Though it was 30 years ago, Margarita Quiñones-Peña still remembers hugging her grandfather goodbye when her pregnant mother took her and her older sister by the hand to make their way to Chicago from Mexico to meet their father.

She was 3 years old. Though the memories are blurred, the feeling of leaving the place she knew as home has never faded, she said.

She is now 33 and still has not been able to return. Tita, as she was called by her beloved grandfather, is undocumented. She was brought to this country unauthorized as a child. For a long time, she was ashamed of her status and felt powerless, until she eventually realized that thanks to her family’s resilience, they had created a home of their own in Chicago’s Little Village neighborhood, despite all their struggles and sacrifices.

“There is nothing to be ashamed of. Rather, be proud of the sacrifices our parents have made and our resilience to succeed despite being undocumented,” said Quiñones-Peña, now a software engineer, a graduate of the University of Illinois Chicago and a yoga instructor. Thankfully, she said, in 2012 she became a Dreamer, or a recipient of the Deferred Action for Childhood Arrivals a program created under then-President Barack Obama, which provided her with a work permit and protection from deportation.

Her journey, she said, was in fact a “homecoming.” And it is one that she shares with hundreds of other children of immigrants, whether they were brought here decades ago or are children of the migrants who are now arriving in Chicago by the thousands.

“Homecoming” is the name of the children’s book Quiñones wrote based on her story to honor her journey and to empower herself, her family and other undocumented children, she said. “I want them to know what is possible,” she said.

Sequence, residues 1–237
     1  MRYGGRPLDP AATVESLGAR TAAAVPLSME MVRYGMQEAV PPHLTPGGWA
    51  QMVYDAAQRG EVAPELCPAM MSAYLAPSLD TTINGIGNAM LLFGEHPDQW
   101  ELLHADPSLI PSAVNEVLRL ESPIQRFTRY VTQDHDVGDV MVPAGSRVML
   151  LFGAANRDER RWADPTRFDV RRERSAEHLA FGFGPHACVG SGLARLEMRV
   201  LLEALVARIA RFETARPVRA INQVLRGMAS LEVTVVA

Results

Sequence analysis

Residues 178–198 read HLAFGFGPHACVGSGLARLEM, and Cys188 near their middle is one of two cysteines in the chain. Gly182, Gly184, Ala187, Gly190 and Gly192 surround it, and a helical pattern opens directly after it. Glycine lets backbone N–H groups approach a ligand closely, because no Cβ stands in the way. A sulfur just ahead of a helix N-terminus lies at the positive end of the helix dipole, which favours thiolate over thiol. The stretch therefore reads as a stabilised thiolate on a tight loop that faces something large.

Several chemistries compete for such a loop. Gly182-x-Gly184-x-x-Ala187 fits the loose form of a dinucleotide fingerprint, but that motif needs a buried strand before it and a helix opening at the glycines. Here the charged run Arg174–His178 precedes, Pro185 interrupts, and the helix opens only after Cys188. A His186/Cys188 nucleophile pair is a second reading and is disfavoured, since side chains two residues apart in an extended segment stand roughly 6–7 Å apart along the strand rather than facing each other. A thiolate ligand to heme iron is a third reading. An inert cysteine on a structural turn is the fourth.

All of the book’s proceeds will be donated to help immigrants currently seeking asylum in Chicago, Quiñones-Peña said.

Margarita Quiñones-Peña, who was brought by her parents to Chicago’s Little Village neighborhood when she was 3 and is a DACA recipient, hugs a young migrant after reading her children’s book aloud on July 9, 2023, at a Pilsen shelter.
A young migrant reads along with children’s book

On a recent Sunday, Quiñones-Peña celebrated her book launch by reading it to a group of migrant children who live at a community-run shelter in the Pilsen neighborhood, with her parents by her side.

In Chicago, more than 11,000 asylum-seekers have arrived over the last year. Many families with children continue to live in temporary shelters.

The book, which includes an illustration of Quiñones-Peña and her family looking at the historic Little Village Arch, is in Spanish and English. She shares her memories of crossing the border on a Halloween night dressed up as a princess with her mother and older sister, who was 4. She recalls those who helped them along the way and describes eventually reuniting with her father in Chicago.

At the end of the book, Quiñones-Peña shares the origin of the story with pictures of her family. It is followed by a portion where children who read it can write their own immigration journey.

The project, she said, was born out of love for her family and the desire to come to terms with her own story. Sharing her truth and finding power in it was liberating, Quiñones-Peña said.

“There are hundreds of people who have experienced this, but we feel the need to hide it. Or we just never talk about it out of shame or fear that we will be judged or even punished for it,” she said.

Margarita Quiñones-Peña plays with a young migrant after reading her children’s book aloud at a Pilsen shelter.

There are about 600,000 DACA recipients in the U.S., but nearly 3 million undocumented youths are eligible for relief, according to the Migration Policy Institute. Even if they are eligible, most cannot apply to the program because it was halted during former President Donald Trump’s administration and is working its way through the courts.